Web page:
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Publication numberUS2022639 A
Publication typeGrant
Publication dateNov 26, 1935
Filing dateOct 6, 1933
Priority dateOct 6, 1933
Publication numberUS 2022639 A, US 2022639A, US-A-2022639, US2022639 A, US2022639A
InventorsStimson Jonathan C
Original AssigneeStimson Jonathan C
Export CitationBiBTeX, EndNote, RefMan
External Links: USPTO, USPTO Assignment, Espacenet
Reflecting device for highways
US 2022639 A
Abstract  available in
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Claims  available in
Description  (OCR text may contain errors)

Patented Nov. 26, 1935 UNITED ISTATES PATENT OFFICE Application October 6,

l 14 claims.

' zontal and vertical back towards the light source.

A device of that type is disclosed in my Patents No. 1,591,572, July 6th, 1926, No. 1,671,086, May 22, 1928 and No. 1,743,834, January 14, 1930. It comprises, generally stated, a molded structure having a series ofl reecting units arranged in contiguous relation to form a reflecting aperture. In the reflectorin one of the embodiments disclosed in said patents, the device comprises an integral prismatic glass plate having a series of total reflecting surfaces arranged relatively at right angles so as to provide a series of units each formed by reflecting surfaces arranged relatively at right angles and collectively around the axis thereof so as to form central triple reflectors. In another embodiment the units are formed hollow so as to operate by direct as distinguished from total reflection. In all of the embodiments of the above patents, the reflecting device embodies a series of mutually cooperating surfaces arranged in a circuit so that light impinging thereon from a variety of angles will be multiply reflected back toward the light source in the form of a slightly spreading beam.

In one of the embodiments of the process described in said Patent No. 1,591,572, the reiiector is of glass and is formed by pressing the same to shape; -the glass being deposited in the mold and the reflecting surfaces being formed by a suitably shaped matrix on a plunger which is moved into the mold. In the particular embodiments illustrated in that patent the mold has a series of mold elements "arranged ln mutual engagement, each element having forming faces in accurate relation to the locating faces thereof 'and adapted to form together the matrix required 'to produce the reflecting surfaces.

While glass reflectors of the character described in said patent have gone into wide commercial use and have been foundv to meet the requirements to a reasonable extent, nevertheless the reflector and the process of makingthe same have not completely met all'of the conditions encountered. This is because glass although possessing the property of transparency and capability of forming total reflecting sur- 1933; serial No. 692,515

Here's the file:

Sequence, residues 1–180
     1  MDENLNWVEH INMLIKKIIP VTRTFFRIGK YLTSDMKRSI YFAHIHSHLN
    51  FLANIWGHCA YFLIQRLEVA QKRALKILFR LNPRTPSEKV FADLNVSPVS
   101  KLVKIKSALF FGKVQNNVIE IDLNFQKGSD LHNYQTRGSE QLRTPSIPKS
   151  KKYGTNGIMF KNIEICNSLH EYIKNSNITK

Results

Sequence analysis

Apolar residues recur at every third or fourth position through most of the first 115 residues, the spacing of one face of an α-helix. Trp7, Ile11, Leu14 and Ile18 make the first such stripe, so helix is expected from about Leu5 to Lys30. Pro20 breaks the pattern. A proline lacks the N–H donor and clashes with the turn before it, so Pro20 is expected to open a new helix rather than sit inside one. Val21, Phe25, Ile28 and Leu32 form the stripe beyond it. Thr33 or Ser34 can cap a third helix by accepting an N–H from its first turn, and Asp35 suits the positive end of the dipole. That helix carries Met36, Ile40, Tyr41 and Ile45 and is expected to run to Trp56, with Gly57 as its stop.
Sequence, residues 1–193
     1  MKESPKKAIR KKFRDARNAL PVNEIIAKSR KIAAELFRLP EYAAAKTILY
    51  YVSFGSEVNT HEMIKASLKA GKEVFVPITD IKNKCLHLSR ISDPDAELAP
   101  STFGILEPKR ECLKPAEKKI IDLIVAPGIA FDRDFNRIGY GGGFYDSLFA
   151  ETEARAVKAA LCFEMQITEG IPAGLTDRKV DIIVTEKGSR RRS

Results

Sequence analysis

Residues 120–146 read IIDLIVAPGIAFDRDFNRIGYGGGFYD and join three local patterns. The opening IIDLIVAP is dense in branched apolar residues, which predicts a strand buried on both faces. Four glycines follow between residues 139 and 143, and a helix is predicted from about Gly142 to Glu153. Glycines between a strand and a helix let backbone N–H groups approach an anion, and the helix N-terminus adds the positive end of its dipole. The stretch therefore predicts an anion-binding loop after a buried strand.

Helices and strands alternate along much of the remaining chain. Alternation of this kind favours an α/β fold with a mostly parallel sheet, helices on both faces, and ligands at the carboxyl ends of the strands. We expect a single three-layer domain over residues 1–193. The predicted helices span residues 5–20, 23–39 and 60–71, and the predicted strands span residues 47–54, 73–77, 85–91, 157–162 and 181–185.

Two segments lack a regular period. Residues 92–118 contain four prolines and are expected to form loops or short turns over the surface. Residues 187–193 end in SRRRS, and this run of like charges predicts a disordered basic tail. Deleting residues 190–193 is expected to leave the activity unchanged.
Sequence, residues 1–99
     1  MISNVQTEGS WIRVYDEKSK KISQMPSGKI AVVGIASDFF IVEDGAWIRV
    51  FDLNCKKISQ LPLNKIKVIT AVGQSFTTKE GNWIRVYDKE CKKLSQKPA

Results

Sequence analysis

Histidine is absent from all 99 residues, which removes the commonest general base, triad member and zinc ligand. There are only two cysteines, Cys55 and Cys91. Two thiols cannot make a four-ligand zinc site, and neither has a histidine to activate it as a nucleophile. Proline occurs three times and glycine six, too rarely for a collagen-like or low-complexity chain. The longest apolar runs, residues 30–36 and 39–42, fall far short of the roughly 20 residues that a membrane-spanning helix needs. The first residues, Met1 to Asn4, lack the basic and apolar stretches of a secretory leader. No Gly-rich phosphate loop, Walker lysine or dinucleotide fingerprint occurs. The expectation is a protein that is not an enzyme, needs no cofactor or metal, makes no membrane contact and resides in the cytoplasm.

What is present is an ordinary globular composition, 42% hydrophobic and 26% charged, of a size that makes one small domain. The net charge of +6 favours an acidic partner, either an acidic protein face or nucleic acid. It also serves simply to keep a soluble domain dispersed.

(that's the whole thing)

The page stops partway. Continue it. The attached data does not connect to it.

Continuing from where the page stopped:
(ci. ss1o5) faces is, nevertheless, fragile and requires a good deal of care in the manipulation of the process in order to secure a good reflector. During the pressing operation the glass cannot remain in the mold and in contact with the reflector forming surfaces thereof until the material finally sets and accurately conforms thereto; for if this lis done the reflecting surfaces become fragile and may crack so as to render the article useless for practical employment. Accordingly it is necessary to withdraw the figured plunger containing the reflector forming surfaces before the glass completely sets. While it is possible to control Vthe operations soas to Withdraw the plunger at the right time and still obtain sufficiently ac- 15 curate reflecting surfaces in the required accurate angular relation, nevertheless, the procedure requires great care and close attention and is an essentially hand operation. This is for the reason that if the plunger is withdrawn too soon the surfaces are liable to "slump and become deformed, while if the plunger remains in the mold too long the surfaces would become brittle and crack.

Now in a reflector of the chacter described, it is necessary for the reflecting surfaces to be accuratey formed in accordance with predetermined limits not only angularly but also planary. Thus in the reflectors ofthe patents referred to, after the limits have been established, the faces must 3 not only be in accurate angular relation but the surfaces themselves must be substantially plane. Deviations from the required relations will cause wide deviations in effect, because the beam is reflected multiply from surface to surface and back towards the light source. Accordingly deviations of the surfaces will cause the errors to be multiplied progressively. In the reflectors of all of the patents referred to the reflected light is describedas being directed back towards the source in the form of a spreading beam. This beam spread is secured in various ways as by diffusing means, generally in front of the reflector leaving the surfaces optically accurate, or by. inaccuracies in angular relation or surfaces, or by various combinations of these factors. Where a spreading beam is secured by inaccuracies in angular relation of the surfaces combined with means to secure uniformity of beam, then where the greatest feasible distance visibillty'is required, thellnaccuracies of the reflecting surfaces must be held within narrow limits not only angularly but also plenary so as to confine the beam to a small angular spread.